Trouble for TENS?

Thursday, October 6, 2011

BALTIMORE – Never mind cutting reimbursement. Manufacturers fear CMS may stop paying for transcutaneous electrical nerve stimulation (TENS) for the treatment of a certain condition altogether.

In a recent transmittal, CMS cited a 2010 American Academy of Neurology (AAN) study that found TENS was ineffective for treating chronic lower back pain, and stated that it has decided to review evidence of the use of TENS for that condition.

“TENS has become the standard treatment for chronic pain over the years,” said Tom Hughes, an attorney and executive director of the newly formed Neurostimulation Device Alliance, which represents TENS manufacturers and suppliers. “It’s an effective alternative to prescription drugs, because it’s non-systemic and cost effective. So it’s an important tool in the healthcare provider’s toolkit.”

Interested parties have until Oct. 13 to submit evidence for CMS’s consideration.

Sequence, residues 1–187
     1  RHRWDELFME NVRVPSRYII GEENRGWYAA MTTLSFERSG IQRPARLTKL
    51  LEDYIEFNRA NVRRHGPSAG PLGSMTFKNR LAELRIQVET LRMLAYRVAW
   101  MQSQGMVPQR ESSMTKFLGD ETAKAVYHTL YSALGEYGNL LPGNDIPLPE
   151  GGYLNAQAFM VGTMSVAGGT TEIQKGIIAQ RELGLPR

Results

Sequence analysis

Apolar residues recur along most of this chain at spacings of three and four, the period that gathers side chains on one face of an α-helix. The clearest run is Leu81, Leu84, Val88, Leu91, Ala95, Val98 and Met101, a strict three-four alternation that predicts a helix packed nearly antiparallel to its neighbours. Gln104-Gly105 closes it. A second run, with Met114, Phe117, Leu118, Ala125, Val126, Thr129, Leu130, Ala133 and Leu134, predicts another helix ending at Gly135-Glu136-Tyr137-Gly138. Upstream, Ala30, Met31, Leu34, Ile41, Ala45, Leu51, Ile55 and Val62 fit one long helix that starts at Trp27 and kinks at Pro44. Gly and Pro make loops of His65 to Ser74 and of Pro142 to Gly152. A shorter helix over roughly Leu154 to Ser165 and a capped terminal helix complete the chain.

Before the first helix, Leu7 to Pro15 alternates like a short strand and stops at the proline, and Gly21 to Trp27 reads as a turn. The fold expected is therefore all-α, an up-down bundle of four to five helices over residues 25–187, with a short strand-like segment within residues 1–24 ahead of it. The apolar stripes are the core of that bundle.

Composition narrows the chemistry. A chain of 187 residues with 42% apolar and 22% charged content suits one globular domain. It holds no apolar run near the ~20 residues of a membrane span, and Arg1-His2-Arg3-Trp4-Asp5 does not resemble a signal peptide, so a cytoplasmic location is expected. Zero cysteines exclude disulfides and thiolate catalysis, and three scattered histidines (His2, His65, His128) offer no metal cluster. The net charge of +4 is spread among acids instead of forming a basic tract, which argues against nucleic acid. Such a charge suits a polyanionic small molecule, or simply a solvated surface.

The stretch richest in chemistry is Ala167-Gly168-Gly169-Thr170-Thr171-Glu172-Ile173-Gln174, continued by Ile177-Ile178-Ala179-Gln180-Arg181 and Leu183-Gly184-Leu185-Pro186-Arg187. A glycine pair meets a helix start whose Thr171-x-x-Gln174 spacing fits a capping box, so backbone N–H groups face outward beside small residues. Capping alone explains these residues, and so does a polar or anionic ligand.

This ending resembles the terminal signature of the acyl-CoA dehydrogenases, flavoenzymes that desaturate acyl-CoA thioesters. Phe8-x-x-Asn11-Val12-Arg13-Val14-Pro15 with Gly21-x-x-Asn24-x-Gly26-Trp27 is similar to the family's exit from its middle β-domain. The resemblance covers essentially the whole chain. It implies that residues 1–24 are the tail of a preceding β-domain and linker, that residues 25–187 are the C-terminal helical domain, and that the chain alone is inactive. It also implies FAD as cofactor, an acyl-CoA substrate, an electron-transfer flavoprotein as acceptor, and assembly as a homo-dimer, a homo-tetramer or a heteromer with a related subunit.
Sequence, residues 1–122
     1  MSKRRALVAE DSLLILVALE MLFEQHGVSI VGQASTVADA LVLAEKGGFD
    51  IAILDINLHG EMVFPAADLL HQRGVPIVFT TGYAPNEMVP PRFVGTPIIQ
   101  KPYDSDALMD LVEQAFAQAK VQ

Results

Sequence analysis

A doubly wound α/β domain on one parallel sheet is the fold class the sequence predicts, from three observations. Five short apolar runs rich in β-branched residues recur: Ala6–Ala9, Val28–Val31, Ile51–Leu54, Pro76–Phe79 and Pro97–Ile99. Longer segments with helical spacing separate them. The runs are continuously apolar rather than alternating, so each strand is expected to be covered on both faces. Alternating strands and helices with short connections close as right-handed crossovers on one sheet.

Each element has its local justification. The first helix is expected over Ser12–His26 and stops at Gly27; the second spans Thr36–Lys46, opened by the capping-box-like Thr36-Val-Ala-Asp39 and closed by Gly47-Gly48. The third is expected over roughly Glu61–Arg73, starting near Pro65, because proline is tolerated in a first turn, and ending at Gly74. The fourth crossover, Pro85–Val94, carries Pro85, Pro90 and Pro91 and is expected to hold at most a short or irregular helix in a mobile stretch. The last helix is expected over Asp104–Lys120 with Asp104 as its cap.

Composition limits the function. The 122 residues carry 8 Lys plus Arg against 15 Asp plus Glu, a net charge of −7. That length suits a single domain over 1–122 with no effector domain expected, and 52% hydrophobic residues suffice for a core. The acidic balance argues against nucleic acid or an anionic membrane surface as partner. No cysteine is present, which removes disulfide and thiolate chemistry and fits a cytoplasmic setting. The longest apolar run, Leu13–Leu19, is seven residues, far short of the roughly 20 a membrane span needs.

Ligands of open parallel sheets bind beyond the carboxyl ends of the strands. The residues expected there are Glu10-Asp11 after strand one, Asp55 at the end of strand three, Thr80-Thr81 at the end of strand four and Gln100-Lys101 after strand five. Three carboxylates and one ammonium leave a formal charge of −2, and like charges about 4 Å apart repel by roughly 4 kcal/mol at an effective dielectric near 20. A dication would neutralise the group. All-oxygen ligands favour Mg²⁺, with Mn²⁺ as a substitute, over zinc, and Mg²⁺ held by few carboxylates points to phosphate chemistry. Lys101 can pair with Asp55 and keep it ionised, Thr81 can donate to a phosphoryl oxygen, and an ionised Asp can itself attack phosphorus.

CMS stated it was seeking, in particular, “evidence to the health outcomes attributable to the use of TENS in home settings,” and that’s just what manufacturers plan to give the agency.

“There are two other meta-analyses that looked at more studies and found positive benefit from using TENS to treat not only chronic lower back pain but also chronic back pain overall,” said John Velure, vice president of North American operations for Neurotech NA, and a founding member of the alliance. “We’re surprised that they elected to only reference the AAN’s meta-analysis.”

Not only is the evidence there that TENS is an effective treatment for chronic lower back pain, manufacturers say, but so is a “rigorous” review process to make sure TENS is doing its job.

“Medicare pays for an initial rental of a TENS device, but then the patient has to go back to the physician so he can determine whether the patient continues on the device,” Hughes said. “That’s another reason why we’re surprised this came up.”

Manufactures hope the silver lining in CMS’s review will be improved communication.

“We want to work with CMS to make sure we’ve provided them with all the available evidence to make a wise decision about continuing coverage for TENS,” Hughes said.




Considering the constant outcry over the use of narcotics, and abuse of pain medications, this move makes no sense. What do they want patients to use for chronic pain problems? Before CMS kills this device they should be required to formulate an alternative plan of action that has been tested and proven to work.